By Francesca Iwambe
The National Industrial Court has fixed Wednesday, September 21 to rule on the application for an interlocutory injunction filed by the Federal Government against the Academic Staff Union of Universities (ASUU).
Justice Peter Hamman fixed the date on Monday after the lead counsel to the Federal Government, Mr James Igwe, argued his application seeking an order of the court restraining ASUU from further continuing with the ongoing nationwide strike.
The government had approached the court to challenge the ongoing industrial action by the university lecturers.
But the court, at the previous sitting last Friday, adjourned the suit until Monday (September 19) to hear the interlocutory injunction of the government.
Igwe had asked the court to give the suit an accelerated hearing due to the urgency of the matter to enable students to return to school.
He stated that since the matter was already in court, it would be proper for the strike to be called off, pending the determination of the suit.
But counsel to ASUU and Senior Advocate of Nigeria, Femi Falana, said the union was currently meeting with stakeholders to ensure that the matter was resolved and appealed to the government to cooperate with the union to resolve the issue.
ASUU and the Muhammadu Buhari-led government have been at loggerheads over the 2009 agreement that was revisited in the 2013.
The Union embarked on strike on February 14, 2022.
BREAKING: Court Dismisses NANS’ Suit Against ASUU, FG
The National Industrial Court, NIC, sitting in Abuja, on Tuesday, struck out a suit the National Association of Nigerian Students, NANS, filed to compel the Academic Staff Union of Universities, ASUU, and the Federal Government to call off the ongoing strike action.
Justice Polycarp Hamman terminated further proceedings in the matter, after it was withdrawn by factional President of NANS, Umar Faruk Lawal.
Lawal had told the court that he filed the suit marked NICN/ABJ/273/2022, for himself and on behalf of NANS.
A side from ASUU which was cited as the 1st Respondent, the Minister of Education and the Attorney-General of the Federation were listed as 2nd and 3rd Respondents, respectively.
When the matter came up on Tuesday, Lawal, notified the court that he filed a motion for discontinuance.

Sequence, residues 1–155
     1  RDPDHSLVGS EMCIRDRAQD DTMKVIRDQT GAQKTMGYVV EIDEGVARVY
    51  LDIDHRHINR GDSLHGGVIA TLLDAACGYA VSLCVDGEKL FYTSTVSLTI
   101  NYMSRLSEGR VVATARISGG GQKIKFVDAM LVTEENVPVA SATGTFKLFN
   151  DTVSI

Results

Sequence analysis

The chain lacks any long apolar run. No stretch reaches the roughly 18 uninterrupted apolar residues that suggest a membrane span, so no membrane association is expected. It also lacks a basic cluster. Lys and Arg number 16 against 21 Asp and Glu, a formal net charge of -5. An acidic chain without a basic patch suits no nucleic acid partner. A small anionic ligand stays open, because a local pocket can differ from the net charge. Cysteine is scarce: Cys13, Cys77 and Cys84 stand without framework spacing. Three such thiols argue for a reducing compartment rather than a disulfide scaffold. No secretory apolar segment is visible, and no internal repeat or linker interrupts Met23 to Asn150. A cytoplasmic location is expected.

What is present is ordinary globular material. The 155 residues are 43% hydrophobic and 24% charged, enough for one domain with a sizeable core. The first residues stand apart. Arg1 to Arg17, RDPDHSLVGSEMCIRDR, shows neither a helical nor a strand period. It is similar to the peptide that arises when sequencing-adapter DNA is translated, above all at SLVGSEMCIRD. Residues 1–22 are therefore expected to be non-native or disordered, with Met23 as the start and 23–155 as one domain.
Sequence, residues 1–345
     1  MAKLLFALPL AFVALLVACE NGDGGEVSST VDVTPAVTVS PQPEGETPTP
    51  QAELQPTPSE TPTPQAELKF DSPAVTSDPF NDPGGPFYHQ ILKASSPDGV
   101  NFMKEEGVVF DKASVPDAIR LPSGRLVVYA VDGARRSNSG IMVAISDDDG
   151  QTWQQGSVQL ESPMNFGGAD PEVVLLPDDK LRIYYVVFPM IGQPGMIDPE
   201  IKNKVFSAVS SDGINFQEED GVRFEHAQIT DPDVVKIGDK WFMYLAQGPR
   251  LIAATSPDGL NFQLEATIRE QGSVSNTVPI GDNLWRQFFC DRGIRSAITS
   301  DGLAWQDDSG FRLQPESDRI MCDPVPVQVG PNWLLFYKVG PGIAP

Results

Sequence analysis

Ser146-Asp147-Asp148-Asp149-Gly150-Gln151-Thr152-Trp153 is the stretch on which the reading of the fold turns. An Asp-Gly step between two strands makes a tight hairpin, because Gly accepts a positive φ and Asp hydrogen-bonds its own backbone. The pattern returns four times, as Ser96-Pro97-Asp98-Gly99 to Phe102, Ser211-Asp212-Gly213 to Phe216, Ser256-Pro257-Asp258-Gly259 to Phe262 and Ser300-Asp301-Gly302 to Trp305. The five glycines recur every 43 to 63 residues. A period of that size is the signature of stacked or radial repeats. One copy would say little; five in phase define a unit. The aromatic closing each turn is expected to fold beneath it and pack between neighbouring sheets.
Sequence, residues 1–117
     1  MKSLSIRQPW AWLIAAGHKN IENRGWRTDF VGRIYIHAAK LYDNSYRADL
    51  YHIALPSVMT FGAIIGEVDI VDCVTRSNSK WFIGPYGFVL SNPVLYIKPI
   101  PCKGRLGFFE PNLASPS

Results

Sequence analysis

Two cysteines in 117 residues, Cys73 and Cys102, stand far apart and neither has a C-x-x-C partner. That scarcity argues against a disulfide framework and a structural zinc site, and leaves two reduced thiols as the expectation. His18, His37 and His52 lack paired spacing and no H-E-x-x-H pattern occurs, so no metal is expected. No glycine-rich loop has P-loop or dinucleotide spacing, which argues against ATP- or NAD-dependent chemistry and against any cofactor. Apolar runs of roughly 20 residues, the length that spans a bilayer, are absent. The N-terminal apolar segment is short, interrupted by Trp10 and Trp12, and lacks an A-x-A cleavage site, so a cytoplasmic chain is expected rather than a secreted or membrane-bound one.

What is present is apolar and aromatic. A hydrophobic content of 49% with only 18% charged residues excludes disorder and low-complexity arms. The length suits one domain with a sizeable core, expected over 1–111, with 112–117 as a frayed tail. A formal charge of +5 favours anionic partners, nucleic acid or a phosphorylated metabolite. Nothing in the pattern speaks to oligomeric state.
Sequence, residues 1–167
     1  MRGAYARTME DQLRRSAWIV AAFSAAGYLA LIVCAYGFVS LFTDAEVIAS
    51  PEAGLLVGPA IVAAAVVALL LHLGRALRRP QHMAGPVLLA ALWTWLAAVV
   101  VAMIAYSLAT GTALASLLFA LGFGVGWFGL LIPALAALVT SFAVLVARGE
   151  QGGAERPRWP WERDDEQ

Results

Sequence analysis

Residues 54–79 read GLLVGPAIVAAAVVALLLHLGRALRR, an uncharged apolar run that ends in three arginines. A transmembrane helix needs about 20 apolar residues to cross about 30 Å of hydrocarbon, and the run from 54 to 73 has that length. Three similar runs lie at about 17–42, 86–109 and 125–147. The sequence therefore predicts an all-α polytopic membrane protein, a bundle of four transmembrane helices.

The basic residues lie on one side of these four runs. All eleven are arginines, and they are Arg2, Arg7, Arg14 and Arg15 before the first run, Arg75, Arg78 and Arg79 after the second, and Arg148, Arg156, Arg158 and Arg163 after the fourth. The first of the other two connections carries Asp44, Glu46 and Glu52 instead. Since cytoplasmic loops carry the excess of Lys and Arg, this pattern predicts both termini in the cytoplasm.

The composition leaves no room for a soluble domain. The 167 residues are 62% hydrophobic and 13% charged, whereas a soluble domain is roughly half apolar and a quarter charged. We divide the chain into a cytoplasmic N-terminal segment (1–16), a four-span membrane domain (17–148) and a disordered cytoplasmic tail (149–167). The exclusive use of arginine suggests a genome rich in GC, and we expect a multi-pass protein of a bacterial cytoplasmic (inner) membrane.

He premised his decision to withdraw the suit on account of the challenge by the student body which contested his standing and denied that he is the President of NANS as he had deposed to.
Though the other two Respondents were not represented, however, counsel to ASUU, Marshal Abubakar, informed the court that he was not opposed to Lawal’s application to withdraw the suit.
Consequently, Justice Hamman struck out the matter.
It will be recalled that two NANS presidential candidates had claimed victory at an election the students’ body conducted recently.
While Lawal who is of the Department of Library and Information Science of the Bayero University, Kano, insisted that he won the election, the NANS Convention Planning Committee declared Usman Barambu as the President-elect of the association.
ASUU had since gone before the Court of Appeal in Abuja to set aside the NIC judgement that ordered it to call off its over seven-month old strike action.
The union, in a 14-ground of appeal, also applied for a stay of execution of the judgement.
The NIC had in the judgement that was delivered on September 21, ordered the striking varsity lecturers to return to the classroom, pending the determination of a suit the Federal Government filed to query the legality of their strike action.
The interim injunction directing ASUU members to resume work followed an application FG filed through its lawyer, Mr. James Igwe.
Justice Hamman held that the order was both in national interest and for the sake of undergraduates in the country that have been at home since February 14.
He held that the strike action was detrimental to public university students that cannot afford to attend private tertiary institutions.
“The balance of convenience tilts in favour of the applicant.
“I hold that this application is meritorious and this application is granted”, Justice Hamman ruled.
However, ASUU, in its appeal, maintained that Justice Hamman “erred in law and occasioned a miscarriage of justice when he decided to hear and determine the Respondents’ motion for interlocutory injunction when he knew or ought to have known that the substantive suit was not initiated by due process of law”.